By Yatrika Shah-Rais

The Music of Strangers“Every tradition is the result of successful invention… Human beings grow by being curious and receptive to what’s around them. A lot of people are scared of change, and sometimes there’s reason to be fearful. But if you can welcome change, you become fertile ground for development.”

This is just one of the many insightful quotes from the movie The Music of Strangers: Yo Yo Ma and The Silk Road Ensemble. This outstanding music documentary by Oscar-winner Morgan Neville (Twenty Feet from Stardom, Best of Enemies), follows the musical journey of legendary cellist Yo Yo Ma and the international collective of virtuosi and wondrous musicians he founded, The Silk Road Ensemble. Ma “fell” into the classical music career because of his prodigious gifts made apparent early in his life. Despite success and fame, from early on, Ma has always been on a quest to connect deeper with other musicians from different traditions in his search for that universal language that creates change.

Inspired by the exchange of ideas and traditions along the historical Silk Road, he established The Silk Road Ensemble in 1998 to explore how the arts can advance global understanding. In 2000, a unique collective of global artists met at Tanglewood in the Berkshires. “We started as a group of musicians getting together and seeing what might happen when strangers meet.” Although not all of them spoke good English, they all spoke “good music language.” These outstanding musicians came from a wide variety of countries, ranging from the United States, to Spain, Iran, Syria, Japan, India and China, among others.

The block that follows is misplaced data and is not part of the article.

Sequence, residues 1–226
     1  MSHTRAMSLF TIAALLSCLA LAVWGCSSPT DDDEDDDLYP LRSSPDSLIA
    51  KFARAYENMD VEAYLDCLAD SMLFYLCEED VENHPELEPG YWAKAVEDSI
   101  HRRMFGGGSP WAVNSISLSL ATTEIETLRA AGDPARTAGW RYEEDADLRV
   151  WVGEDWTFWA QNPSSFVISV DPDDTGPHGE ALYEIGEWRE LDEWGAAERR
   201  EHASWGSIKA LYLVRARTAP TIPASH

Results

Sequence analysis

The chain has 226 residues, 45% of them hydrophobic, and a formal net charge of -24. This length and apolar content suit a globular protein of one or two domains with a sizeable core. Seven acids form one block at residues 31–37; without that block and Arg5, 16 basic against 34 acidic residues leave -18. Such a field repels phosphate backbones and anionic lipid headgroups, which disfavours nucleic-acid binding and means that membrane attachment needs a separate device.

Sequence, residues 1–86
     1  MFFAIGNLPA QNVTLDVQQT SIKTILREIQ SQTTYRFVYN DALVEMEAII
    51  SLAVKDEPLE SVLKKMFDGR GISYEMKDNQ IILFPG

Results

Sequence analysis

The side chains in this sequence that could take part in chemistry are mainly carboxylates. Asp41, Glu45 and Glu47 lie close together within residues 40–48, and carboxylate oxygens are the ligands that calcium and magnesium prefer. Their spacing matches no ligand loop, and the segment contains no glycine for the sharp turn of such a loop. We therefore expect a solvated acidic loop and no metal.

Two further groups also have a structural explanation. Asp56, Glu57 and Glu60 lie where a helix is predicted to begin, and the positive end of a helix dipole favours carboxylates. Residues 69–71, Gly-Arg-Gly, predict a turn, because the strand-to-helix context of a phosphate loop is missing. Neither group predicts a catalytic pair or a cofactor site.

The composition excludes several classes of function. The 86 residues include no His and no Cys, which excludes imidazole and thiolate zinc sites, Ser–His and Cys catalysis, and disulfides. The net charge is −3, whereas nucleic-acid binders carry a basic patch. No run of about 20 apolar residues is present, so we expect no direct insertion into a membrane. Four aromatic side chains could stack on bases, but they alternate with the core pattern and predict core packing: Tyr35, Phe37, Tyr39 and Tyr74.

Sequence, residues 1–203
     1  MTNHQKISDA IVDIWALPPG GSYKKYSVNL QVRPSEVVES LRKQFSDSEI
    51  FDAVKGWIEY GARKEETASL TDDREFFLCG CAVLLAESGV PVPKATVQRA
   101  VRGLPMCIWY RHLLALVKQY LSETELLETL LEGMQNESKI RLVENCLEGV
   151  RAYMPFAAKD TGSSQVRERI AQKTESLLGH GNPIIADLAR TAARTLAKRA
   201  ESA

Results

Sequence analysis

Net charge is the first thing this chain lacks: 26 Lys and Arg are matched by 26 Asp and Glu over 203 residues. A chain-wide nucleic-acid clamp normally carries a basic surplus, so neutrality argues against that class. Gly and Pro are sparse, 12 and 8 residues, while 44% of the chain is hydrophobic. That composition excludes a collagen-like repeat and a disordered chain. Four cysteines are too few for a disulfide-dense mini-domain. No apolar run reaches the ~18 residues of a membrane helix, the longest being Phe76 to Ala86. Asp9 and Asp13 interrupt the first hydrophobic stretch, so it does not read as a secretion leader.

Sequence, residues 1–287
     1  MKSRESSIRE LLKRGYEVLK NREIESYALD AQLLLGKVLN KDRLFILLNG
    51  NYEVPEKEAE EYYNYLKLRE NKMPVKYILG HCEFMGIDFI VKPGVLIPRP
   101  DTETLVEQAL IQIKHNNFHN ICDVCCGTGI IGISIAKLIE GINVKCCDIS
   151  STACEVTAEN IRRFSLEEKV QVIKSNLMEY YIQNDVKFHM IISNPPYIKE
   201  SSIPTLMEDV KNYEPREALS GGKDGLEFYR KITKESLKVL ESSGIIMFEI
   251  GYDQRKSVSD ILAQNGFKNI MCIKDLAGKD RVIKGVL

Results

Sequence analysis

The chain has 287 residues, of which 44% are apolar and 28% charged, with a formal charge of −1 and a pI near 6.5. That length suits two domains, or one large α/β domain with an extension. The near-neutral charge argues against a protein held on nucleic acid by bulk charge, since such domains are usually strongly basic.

This could have been just a one-off experience had it not been for 9/11, the following year which made it all the more imperative for the group to continue playing together, touring, giving workshops, and forging bridges among people across the political, racial, cultural and religious divides. Despite criticisms of diluting the music and making it into cultural tourism, the musicians believed in the power of their ideas, desired to learn from each other, share their musical language, and interestingly found that the collective was also a vehicle to connect back to their roots and preserve their culture. As Ma puts it so elegantly: “No tradition can evolve without invention, otherwise it gets smaller.”

Although rich with interviews (including Tan Dun, Osvaldo Golijov, Bobby McFerrin, John Williams and other Silk Road members) and mesmerizing live performances, the movie focuses on four of the core members (besides Ma obviously): Chinese pipa (four-string plucked instrument) player Wu Man, Spanish exuberant powerhouse gaita (Galician bagpipes) player Cristina Pato, Syrian clarinetist Kinan Azmeh, and Persian kamancheh (spike fiddle) player Kayhan Kalhor. They all have successful solo careers, but playing in the Silk Road Ensemble has greatly impacted their lives. Filmmaker Morgan Neville explains: “One of the reasons we chose musicians from these countries is that they are or have been in danger of having their cultures erased. In countries that undergo cultural revolutions, it is common for artists to be silenced, to be marginalized, jailed, exiled or worse. Art gives people hope. It asks them to think for themselves. It does a lot of things that can be threatening to repressive governments.”

Kayhan Kalhor  and Aynur Dogan
Ensemble member Kayhan Kalhor (kamancheh) and Aynur Doğan, in the film.